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"death harmony of Belfast" Options
prof_question
Posted: Tuesday, November 25, 2014 4:51:37 PM

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Could you help me, please? I still reading the novel and cannot get the meaning of the phrase "death harmony of Belfast" from this context: " The rain falls slow and steady, then gusting, reminding me of Galway when I was a child where Atlantic winds flung broken fronds of seaweed onto the Prom during high tide. Before the death harmony of Belfast seduced me". Does author mean any particular event? Was there any significant historical episode or may be something else?

Thanks in advance Brick wall
Drag0nspeaker
Posted: Tuesday, November 25, 2014 5:50:26 PM

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I don't know the time-period of your novel, but it sounds fairly modern.

I would guess that it refers to 'The Troubles'

He was seduced away from Co Galway (a rather 'rural' seaside area) to the 'big city' of Belfast.

I cannot think of any particular reason to use the word 'harmony' here - but it does seem to invoke a picture of the scene.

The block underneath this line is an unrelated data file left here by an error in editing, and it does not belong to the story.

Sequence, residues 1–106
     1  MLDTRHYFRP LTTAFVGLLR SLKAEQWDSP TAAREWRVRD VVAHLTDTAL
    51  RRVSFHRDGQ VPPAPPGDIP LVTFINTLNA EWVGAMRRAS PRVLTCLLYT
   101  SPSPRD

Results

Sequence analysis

Romany
Posted: Wednesday, November 26, 2014 6:31:01 AM
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Perhaps "death harmony" refers to the fact that both sides were dealing death: he's being somewhat cynical. And, as a young man, he was attracted to the fight?
Beam
Posted: Wednesday, November 26, 2014 9:45:49 AM

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It strikes me as being a morbid but poetic way of describing (as DragOnspeaker guessed) "the Troubles," which was a recent conflict in Northern Ireland (during the 1970s, 80s, and 90s), with Belfast at the center. The "death harmony" suggests a nasty tit-for-tat cycle of retribution between the Catholics and the Protestants.

And let's face it: we humans sometimes have a morbid curiosity with death, so that particular conflict probably attracted some people in Ireland enough for them to want to be near where it was happening.

The Good Friday Agreement in 1998 seems to have made things better.
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